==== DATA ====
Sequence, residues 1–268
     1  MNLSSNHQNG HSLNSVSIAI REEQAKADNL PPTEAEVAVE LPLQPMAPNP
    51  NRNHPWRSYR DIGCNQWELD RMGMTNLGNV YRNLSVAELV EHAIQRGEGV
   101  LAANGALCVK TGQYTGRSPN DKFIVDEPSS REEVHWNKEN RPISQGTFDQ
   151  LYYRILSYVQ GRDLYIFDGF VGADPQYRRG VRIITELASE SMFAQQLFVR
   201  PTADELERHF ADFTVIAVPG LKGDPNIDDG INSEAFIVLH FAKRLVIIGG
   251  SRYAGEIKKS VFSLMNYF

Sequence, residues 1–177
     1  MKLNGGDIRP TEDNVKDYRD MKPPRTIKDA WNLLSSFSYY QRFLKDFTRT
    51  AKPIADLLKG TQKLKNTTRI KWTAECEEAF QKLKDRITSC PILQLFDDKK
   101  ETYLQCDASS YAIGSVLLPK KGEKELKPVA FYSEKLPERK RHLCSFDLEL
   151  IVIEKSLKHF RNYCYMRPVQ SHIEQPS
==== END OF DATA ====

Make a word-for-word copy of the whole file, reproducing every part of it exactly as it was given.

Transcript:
Sequence, residues 1–268
     1  MNLSSNHQNG HSLNSVSIAI REEQAKADNL PPTEAEVAVE LPLQPMAPNP
    51  NRNHPWRSYR DIGCNQWELD RMGMTNLGNV YRNLSVAELV EHAIQRGEGV
   101  LAANGALCVK TGQYTGRSPN DKFIVDEPSS REEVHWNKEN RPISQGTFDQ
   151  LYYRILSYVQ GRDLYIFDGF VGADPQYRRG VRIITELASE SMFAQQLFVR
   201  PTADELERHF ADFTVIAVPG LKGDPNIDDG INSEAFIVLH FAKRLVIIGG
   251  SRYAGEIKKS VFSLMNYF

Sequence, residues 1–177
     1  MKLNGGDIRP TEDNVKDYRD MKPPRTIKDA WNLLSSFSYY QRFLKDFTRT
    51  AKPIADLLKG TQKLKNTTRI KWTAECEEAF QKLKDRITSC PILQLFDDKK
   101  ETYLQCDASS YAIGSVLLPK KGEKELKPVA FYSEKLPERK RHLCSFDLEL
   151  IVIEKSLKHF RNYCYMRPVQ SHIEQPS